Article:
Let’s get this straight right off the bat: The Asus Ares costs Rs 1, 00,000. That’s one lakh rupees for a graphics card. Now that that’s crystal clear, we can get on with our evaluation.
Asus claims that the Ares is the fastest graphics card on the planet, by virtue of its custom design and dual ATI Radeon 5870 graphics processors. Many manufacturers have released limited-edition graphics cards and motherboards at ever-higher price points over the years, primarily to grab media attention, when in reality no one would really ever be able to buy and use them. These products make a select few overclockers and enthusiasts happy, and also help the companies secure titles such as “world’s fastest” which they can brag about. This card is no exception—it isn’t officially a limited edition but it’s highly unlikely that anyone will keep huge stocks of these on hand anticipating a ï¬ood of buyers. Quite understandably then, we start out with a little bit of prejudice—the knowledge that this graphics card, which alone costs nearly three times the amount a decent laptop would, will almost certainly be overthrown from its claimed top spot in less than six months.
Like all high-end graphics cards, you pay a certain premium for exclusivity. Once that wears of, you still have a superb card to play games with; it just isn’t the “best”, “fastest”, or “most extreme” anymore. If you can make peace with the fact that there will most likely be something just as powerful at a much lower price, which consumes less power and makes less noise, consider yourself a candidate to buy this card. Oh, and don’t even think about it if you’re running a 30-inch monitor or a couple of 24-inchers. You’ll just waste its potential with anything less.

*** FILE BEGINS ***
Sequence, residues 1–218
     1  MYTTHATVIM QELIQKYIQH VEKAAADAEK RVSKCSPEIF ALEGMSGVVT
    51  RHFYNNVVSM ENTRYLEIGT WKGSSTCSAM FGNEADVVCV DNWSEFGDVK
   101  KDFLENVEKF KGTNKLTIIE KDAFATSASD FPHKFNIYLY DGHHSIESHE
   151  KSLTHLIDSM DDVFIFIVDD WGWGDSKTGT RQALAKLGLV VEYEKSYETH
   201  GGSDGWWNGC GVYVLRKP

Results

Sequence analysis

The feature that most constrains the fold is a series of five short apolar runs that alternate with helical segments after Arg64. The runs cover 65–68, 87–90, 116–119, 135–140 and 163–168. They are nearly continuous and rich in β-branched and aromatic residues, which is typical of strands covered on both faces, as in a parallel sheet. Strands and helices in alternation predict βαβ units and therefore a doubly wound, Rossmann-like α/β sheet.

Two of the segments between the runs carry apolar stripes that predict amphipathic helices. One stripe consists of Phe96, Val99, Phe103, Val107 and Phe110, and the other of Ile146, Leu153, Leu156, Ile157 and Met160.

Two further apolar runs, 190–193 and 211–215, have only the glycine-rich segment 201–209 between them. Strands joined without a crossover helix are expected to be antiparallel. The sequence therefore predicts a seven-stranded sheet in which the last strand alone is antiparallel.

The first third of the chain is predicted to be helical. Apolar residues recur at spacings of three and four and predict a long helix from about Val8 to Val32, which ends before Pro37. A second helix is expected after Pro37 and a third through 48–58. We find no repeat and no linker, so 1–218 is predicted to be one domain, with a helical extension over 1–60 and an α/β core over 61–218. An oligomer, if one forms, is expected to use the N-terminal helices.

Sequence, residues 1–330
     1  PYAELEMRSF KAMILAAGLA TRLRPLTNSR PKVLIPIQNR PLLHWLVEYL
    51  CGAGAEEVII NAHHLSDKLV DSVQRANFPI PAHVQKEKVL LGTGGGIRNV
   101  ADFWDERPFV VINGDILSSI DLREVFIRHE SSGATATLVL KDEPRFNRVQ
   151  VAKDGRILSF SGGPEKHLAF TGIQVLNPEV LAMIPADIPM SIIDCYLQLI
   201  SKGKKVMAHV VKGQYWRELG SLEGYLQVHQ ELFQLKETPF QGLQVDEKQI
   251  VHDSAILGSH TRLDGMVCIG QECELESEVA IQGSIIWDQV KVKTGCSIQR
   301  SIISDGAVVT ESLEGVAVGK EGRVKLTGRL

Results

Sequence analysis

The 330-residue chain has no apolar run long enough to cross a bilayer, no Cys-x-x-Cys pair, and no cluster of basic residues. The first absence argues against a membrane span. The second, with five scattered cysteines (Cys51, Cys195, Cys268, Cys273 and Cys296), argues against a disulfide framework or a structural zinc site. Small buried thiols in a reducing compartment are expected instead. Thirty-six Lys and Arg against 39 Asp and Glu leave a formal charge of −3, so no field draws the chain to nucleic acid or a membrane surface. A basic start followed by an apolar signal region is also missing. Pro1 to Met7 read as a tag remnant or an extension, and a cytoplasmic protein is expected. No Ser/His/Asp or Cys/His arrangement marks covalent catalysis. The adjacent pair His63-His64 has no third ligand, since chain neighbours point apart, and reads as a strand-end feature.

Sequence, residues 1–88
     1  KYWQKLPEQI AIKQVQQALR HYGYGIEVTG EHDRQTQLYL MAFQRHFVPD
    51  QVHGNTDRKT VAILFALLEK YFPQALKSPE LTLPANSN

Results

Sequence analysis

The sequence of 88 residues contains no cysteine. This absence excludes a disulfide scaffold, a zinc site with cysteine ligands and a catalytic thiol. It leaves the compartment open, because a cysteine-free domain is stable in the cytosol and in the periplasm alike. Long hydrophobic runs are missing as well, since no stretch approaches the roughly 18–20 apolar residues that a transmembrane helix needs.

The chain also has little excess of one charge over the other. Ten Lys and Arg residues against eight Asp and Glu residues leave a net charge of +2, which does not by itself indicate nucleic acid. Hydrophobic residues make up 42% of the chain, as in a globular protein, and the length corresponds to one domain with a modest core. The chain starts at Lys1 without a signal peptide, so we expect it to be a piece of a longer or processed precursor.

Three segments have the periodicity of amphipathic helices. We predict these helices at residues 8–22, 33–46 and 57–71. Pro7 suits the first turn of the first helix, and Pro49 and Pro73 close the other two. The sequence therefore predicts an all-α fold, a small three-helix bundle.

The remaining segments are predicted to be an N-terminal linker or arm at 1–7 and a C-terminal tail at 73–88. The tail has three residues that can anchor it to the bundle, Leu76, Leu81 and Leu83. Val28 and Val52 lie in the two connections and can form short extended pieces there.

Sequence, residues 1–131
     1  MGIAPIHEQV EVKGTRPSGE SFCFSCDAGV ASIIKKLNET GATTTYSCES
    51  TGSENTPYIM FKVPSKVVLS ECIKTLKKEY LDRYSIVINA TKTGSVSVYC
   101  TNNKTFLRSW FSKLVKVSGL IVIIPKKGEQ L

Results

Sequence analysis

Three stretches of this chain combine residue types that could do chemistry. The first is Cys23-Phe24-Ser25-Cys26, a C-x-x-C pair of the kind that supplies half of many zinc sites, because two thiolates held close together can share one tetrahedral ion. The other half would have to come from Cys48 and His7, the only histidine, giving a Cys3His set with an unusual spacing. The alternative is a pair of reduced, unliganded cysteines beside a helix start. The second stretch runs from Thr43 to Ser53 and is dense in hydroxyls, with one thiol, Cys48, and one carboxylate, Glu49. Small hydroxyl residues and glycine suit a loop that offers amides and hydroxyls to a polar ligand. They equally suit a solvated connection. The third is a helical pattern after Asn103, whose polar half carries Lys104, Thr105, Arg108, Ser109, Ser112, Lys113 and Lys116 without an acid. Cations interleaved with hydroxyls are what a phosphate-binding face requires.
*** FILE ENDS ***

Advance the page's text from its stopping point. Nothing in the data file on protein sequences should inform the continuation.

So what exactly is it that sets this card apart? First of all, it arrives in an imposing black metal-rimmed briefcase, somewhat reminiscent of the kind government agents in movies are seen with. It’s an impressive touch, but opening it reveals tacky foam stuffing with needlessly colourful cardboard stuck on in the upper half, and cut-outs for the card and its accessories in the lower half. Along with the usual dongles and manuals, you also get an Asus ROG GX8000 gaming mouse which features a 3200 dpi resolution and 7 programmable keys. Surprisingly, there are no bundled games. This is a pretty big missed opportunity to tempt buyers and show off the card’s potential.
The card itself is astounding. It’s unabashedly huge and heavy, with a sharp, aggressive red and black plastic cowl covering the heatsink assembly. A single, enormous fan sits in the middle, ï¬anked by two solid copper blocks and eight heatpipes. The card is both longer and wider than usual, rising a good inch above its metal backplate. It’s also wide enough to block off three slots’ worth of space when installed in a cabinet. On the back, there are only single DVI, HDMI and DisplayPort sockets, which is somewhat disappointing. The rear has no fewer than three PCIe power connectors:
you’ll need two 8-pin and one 6-pin connectors to power this behemoth.
Needless to say, you’ll need to spend a healthy amount of money on a suitable cabinet and power supply in addition to what this card costs. As far as tech specs go, the two GPUs have access to 2GB
Publish date: October 5, 2010 12:33 pm| Modified date: December 18, 2013 6:47 pm